An interesting comment by DevilsAdvocate on Jerry Narron’s late (and I mean, really late) game strategy last night against the Dodgers:

Allow me to whine about Narron for a moment.

Let’s examine the endgame strategy. Okay, so in the ninth (last chance for the Reds, down 2-0) the first two runners reach in the person of Griffey and Conine. The next three hitters due are Gonzalez, Dunn, and Castro. The only guy left on the bench is Keppinger (assumption is Freel is unavailable with the flu-like symptoms).

So with two on and nobody out, down by two runs, Gonzalez bunts at the first pitch and pops it up for a useless out. What is the thought process here?

Let’s look at what happens if that goes according to plan. Gonzalez sacrifices the runners over, so 2nd & 3rd, one out for Dunn. Ostensibly this is to allow a single to score two runs, but this is Adam Dunn. He strikes out or homers – he has more extra-base hits than singles, and that’s typical for him. And with a base open in that situation, the Dodger closer isn’t going to give Dunn anything to hit. In fact, I think most likely he’d be walked (either intentionally or ‘unintentionally’) to face Castro, who’s hitting .148.

So the sacrifice bunt is really setting it up to depend on Castro, instead of getting two shots with Gonzalez and Dunn. If Castro doesn’t hit into a doubleplay, then Ross gets a chance. So instead of looking to Gonzalez and Dunn for something, this scenario depends on Castro and Ross to get a big hit. And that’s if the strategy works as planned, which it certainly did not when Gonzalez popped up the bunt.

I don’t understand.

Me, either.

6 Responses

  1. RedsFanInMd

    I agree. Especially since Gonzalez has been one of the better hitters so far this year. Gonzalez is just as likely to hit a three-run homer too and you know they are going to pitch with him wiht runners on first and second.

  2. Jared

    I don’t agree with that at all. Dunn doesnt “strike out or homer” — he strikes out a lot, and he homers a lot, but he’s been making a lot more contact this year. It’s definately easy enough for him to put a ball in play and score a run and advance the runner from second, at least.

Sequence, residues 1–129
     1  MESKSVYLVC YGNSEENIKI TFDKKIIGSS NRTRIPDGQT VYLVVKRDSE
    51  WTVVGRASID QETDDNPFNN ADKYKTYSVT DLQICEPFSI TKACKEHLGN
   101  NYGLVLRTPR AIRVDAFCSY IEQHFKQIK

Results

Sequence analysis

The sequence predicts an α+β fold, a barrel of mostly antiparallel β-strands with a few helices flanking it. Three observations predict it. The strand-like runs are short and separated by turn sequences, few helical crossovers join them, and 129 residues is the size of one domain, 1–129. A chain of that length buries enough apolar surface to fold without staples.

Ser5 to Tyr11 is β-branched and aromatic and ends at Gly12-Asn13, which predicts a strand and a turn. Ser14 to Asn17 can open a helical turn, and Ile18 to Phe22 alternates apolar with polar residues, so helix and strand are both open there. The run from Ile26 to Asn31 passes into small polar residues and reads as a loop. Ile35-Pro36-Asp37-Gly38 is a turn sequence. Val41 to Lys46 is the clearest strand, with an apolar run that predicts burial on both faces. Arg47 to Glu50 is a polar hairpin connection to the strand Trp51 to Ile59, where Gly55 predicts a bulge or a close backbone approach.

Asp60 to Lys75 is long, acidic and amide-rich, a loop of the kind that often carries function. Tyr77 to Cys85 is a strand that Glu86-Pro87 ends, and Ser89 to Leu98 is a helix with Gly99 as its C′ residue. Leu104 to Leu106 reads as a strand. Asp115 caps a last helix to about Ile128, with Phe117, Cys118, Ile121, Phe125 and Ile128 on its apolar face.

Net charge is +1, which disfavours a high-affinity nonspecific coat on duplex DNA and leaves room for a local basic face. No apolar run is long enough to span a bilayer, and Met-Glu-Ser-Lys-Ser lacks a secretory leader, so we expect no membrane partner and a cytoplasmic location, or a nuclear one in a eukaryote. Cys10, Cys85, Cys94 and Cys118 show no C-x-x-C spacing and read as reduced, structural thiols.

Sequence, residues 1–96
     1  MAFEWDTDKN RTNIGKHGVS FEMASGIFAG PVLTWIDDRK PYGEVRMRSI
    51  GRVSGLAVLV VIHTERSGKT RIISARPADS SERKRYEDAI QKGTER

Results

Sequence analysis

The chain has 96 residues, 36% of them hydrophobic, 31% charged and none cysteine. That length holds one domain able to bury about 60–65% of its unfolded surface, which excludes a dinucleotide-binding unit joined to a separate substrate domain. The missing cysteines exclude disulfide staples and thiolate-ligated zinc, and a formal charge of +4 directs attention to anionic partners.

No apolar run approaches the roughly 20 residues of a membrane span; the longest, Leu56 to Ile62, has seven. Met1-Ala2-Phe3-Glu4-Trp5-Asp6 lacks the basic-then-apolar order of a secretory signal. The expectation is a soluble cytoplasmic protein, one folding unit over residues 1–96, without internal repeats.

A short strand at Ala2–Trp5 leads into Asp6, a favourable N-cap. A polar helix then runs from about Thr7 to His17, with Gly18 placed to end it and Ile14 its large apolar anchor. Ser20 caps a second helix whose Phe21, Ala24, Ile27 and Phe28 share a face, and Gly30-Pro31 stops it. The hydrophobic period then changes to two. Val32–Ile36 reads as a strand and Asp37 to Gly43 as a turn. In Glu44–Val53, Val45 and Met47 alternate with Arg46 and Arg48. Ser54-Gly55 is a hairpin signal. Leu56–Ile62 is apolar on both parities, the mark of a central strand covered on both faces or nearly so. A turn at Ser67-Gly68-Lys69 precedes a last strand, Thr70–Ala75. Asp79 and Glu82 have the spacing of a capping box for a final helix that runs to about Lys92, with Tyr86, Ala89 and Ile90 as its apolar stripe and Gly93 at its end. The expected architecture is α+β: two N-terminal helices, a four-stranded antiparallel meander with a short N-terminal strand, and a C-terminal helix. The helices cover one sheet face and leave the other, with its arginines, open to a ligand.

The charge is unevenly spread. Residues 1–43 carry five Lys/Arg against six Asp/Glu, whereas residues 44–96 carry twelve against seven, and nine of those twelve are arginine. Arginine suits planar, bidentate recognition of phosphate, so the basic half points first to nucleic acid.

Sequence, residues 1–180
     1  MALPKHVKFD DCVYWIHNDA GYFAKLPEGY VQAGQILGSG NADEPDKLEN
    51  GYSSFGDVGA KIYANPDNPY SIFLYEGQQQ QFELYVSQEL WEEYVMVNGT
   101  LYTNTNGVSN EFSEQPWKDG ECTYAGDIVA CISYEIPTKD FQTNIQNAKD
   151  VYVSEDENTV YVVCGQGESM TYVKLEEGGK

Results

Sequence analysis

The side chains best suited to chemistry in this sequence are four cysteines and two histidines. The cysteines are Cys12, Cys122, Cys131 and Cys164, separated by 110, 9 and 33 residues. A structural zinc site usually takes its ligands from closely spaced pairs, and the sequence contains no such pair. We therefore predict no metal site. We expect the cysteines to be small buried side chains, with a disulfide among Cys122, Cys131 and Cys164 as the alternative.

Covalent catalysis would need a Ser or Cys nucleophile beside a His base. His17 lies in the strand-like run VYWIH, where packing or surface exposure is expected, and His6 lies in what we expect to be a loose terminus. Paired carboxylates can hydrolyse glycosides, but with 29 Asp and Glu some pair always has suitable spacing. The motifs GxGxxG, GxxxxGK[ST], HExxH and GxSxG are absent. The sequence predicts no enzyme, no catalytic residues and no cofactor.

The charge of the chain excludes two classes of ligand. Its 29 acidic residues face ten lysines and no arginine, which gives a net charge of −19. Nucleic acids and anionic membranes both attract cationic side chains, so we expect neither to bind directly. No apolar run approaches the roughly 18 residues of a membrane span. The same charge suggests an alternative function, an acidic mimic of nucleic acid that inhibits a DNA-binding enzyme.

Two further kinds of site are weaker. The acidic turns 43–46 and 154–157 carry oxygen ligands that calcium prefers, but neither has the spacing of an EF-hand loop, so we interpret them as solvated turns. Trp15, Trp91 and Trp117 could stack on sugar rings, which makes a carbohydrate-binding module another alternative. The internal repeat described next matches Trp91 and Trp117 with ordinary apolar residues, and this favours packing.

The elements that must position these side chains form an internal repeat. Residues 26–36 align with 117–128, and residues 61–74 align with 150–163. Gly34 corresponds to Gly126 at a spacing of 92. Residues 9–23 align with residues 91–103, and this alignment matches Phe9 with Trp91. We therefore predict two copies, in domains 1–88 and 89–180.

3. Y-City Jim

    Billy Beane would fire his manager for doing that.

  4. preach

    They will not pitch to Dunn with a base open and with the tying runs on. Period. Especially with no one left on the bench. Gonzo should not have been called on to bunt in that situation, and I am one of the biggest advocates of small ball you will find. Even in the situation where he grounds into a double play (worst case scenario) you have Dunn coming to the plate as the tying run. If your strategy works you have taken the bat out of one of the leagues best power hitters in the ninth. With that said, it pains me to watch a middle infielder pop up a bunt (once again, I like small ball). You have got to get the runners over with an effective bunt if that is what you are called upon to do. I think that I would always prefer to see Gonzo/Dunn up to bat with runners on first and second as opposed to Ross/Castro with runners on second and third.

    …stupid pop up bunt….

  5. Chris

    I had just warmed up the XM for a few minutes at the campground when they started the 9th. Of course, with Narron, I had no clue what the batting order was, but figured that with Dunn following Gonzalez, it was a HORRIBLE move. That was really confirmed when I realized that Castro was in the lineup (we miss you, Eddie), and really, really confirmed when Castro got to bat. The only way that move makes ANY sense is if LLM is available to bat for Castro, and even then, it’s 98% stupid.

    As a manager, your job is to put your players in the best position to succeed, and to let your best players win ballgames for you. Narron chose to put his team’s chances in the hands of Juan Castro, and not Alex Gonzalez and Adam Dunn.

    That’s poor managing, and he’s lucky nobody back home was awake to see it.